Study challenges 'no pain no gain' requirement for patients with clogged leg arteries
Patients with peripheral arterial disease should be given the option of pain-free exercise, according to a study published today in the European Journal of Preventive Cardiology, a journal of the European Society of Cardiology (ESC).
Around 200 million people worldwide have peripheral arterial disease (PAD), where arteries in the legs are clogged, restricting blood flow to the legs and raising the chances of stroke and heart attack. Smoking, diabetes, high blood pressure, and high cholesterol all increase the risk of PAD. Around 30% of patients have pain and cramping in their legs when they walk—referred to as intermittent claudication.
Exercise is a cornerstone of PAD management, together with smoking cessation, healthy diet, and weight loss. It improves symptoms, mobility and quality of life.
"For many years the standard exercise prescription for patients with PAD has been to walk towards, and push past, moderate to severe pain," said study author Edward Lin, of the University of Toronto, Canada. "Research has shown that this approach improves walking distance and quality of life.2 Naturally if you force patients to walk past their pain thresholds and continue to do so, they're going to get better at walking."
But he added: "Many patients with PAD exercise very little or not at all. It has been suggested that the pain component of conventional exercise programmes is a deterrent. More recent studies have shown that pain-free forms of exercise are equally effective, but patients are not always given the option."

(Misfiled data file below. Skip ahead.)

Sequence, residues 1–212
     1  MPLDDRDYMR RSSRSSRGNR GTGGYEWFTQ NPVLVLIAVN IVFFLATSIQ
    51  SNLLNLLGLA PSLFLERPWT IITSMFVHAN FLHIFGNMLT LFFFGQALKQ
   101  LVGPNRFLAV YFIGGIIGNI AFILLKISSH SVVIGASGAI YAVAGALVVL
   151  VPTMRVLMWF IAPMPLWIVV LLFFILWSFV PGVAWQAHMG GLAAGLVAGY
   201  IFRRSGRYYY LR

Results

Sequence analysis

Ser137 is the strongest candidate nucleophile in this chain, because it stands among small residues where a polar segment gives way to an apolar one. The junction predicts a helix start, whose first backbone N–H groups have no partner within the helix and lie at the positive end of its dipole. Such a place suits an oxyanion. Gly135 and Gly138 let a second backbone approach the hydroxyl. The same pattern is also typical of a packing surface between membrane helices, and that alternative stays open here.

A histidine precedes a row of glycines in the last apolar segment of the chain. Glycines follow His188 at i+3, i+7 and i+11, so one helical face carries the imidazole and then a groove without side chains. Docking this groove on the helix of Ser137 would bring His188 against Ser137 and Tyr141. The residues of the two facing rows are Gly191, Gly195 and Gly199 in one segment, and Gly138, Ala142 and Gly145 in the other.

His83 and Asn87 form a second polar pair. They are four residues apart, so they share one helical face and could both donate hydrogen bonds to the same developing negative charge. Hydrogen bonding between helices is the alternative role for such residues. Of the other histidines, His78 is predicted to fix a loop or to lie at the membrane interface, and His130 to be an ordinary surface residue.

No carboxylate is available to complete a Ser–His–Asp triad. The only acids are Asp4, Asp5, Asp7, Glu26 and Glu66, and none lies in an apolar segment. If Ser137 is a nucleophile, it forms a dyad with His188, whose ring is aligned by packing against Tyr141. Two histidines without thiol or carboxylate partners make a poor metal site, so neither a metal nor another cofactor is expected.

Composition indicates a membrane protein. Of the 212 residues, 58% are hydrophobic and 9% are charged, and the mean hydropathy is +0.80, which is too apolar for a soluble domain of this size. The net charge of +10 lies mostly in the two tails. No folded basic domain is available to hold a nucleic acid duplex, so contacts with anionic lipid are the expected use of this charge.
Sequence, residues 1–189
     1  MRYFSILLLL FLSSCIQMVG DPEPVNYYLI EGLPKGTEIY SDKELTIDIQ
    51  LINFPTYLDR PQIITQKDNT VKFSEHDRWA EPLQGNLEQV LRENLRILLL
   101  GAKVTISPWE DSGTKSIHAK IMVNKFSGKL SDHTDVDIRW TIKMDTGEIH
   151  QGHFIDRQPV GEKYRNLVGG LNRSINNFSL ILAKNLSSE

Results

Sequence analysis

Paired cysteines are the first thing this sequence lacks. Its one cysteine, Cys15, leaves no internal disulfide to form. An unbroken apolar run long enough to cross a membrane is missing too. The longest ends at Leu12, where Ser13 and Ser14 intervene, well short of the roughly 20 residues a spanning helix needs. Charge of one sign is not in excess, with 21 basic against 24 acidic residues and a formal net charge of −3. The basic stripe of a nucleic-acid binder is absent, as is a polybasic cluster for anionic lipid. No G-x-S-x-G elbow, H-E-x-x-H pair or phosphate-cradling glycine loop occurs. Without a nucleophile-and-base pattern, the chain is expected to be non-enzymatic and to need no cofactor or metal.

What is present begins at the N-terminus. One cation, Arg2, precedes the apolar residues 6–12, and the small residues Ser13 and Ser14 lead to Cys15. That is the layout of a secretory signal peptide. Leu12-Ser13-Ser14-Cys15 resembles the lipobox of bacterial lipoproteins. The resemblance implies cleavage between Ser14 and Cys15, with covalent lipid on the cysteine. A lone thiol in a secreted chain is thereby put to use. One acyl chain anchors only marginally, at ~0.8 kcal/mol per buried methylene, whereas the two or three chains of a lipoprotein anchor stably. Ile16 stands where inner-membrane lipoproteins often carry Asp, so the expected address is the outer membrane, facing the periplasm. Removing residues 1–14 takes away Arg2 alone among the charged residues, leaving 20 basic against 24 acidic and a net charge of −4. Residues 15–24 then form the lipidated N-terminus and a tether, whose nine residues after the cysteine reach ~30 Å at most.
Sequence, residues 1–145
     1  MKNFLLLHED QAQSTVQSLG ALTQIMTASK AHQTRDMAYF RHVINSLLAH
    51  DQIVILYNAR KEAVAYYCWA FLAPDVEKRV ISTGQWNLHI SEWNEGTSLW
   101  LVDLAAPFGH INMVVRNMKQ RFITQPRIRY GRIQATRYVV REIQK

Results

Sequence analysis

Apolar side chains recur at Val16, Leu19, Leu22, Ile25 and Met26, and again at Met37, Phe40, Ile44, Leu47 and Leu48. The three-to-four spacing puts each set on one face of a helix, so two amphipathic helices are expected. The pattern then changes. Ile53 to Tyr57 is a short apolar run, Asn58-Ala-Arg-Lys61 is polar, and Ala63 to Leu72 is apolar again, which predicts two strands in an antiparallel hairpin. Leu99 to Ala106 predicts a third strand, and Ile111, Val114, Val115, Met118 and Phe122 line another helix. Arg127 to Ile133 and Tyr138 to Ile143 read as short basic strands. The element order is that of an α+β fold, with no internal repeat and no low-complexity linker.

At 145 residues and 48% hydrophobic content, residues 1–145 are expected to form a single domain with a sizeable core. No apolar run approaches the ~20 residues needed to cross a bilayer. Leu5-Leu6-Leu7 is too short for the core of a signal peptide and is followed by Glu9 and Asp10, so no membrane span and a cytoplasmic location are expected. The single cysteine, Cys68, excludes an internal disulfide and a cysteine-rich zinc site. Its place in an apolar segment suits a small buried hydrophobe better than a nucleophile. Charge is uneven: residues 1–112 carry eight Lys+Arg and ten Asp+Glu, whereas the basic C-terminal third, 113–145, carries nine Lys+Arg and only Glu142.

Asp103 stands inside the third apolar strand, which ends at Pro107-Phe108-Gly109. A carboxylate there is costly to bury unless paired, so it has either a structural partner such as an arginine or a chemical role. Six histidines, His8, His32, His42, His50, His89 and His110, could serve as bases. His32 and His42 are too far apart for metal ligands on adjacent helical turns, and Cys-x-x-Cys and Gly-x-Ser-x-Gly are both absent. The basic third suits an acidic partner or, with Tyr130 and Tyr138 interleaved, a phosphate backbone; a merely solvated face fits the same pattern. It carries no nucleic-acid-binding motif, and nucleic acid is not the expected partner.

This study compiled the best evidence and compared completion and adherence rates between traditional versus alternative exercise programmes of at least four weeks duration. Completion was defined as the proportion of participants who finished the programme, while adherence was the percentage of exercise sessions done.
In the study, traditional programmes consisted of walking until moderate to severe pain was induced, resting until the pain subsided, then repeating the process. Alternative exercises included walking without pain, arm ergometer (an exercise bike for the arms), resistance training, circuit training, lower limb aerobic exercise, and walking with poles.
A total of 84 studies and 4,742 patients were included in the analysis, encompassing 64 traditional walking programmes and 58 alternative exercise programmes. Completion rates were 6% higher in programmes with alternative forms of exercise compared to painful walking (80.8% versus 86.6%). Similarly, adherence was 8% greater in alternative programmes compared to painful walking (77.6% versus 85.5%).
"Pain played a major role in the completion and adherence rates," said Mr Lin. "Walking to pain is effective, but only if patients actually do it. Many clinicians and vascular surgeons still prescribe this type of exercise, but it's important to consider other types of activity, which have also been shown to work."
Mr Lin noted that there is insufficient referral of patients with PAD to cardiac rehabilitation and prevention programmes. An individualised exercise plan that patients are more likely to follow should be developed, considering their preferences for exercise and potential barriers.
"Pain is not a necessary part of exercise for patients with peripheral arterial disease," said Mr Lin. "If patients prefer not to walk to pain, they can be encouraged to do pain-free exercise they enjoy. This should increase the likelihood of maintaining long-term physical activity."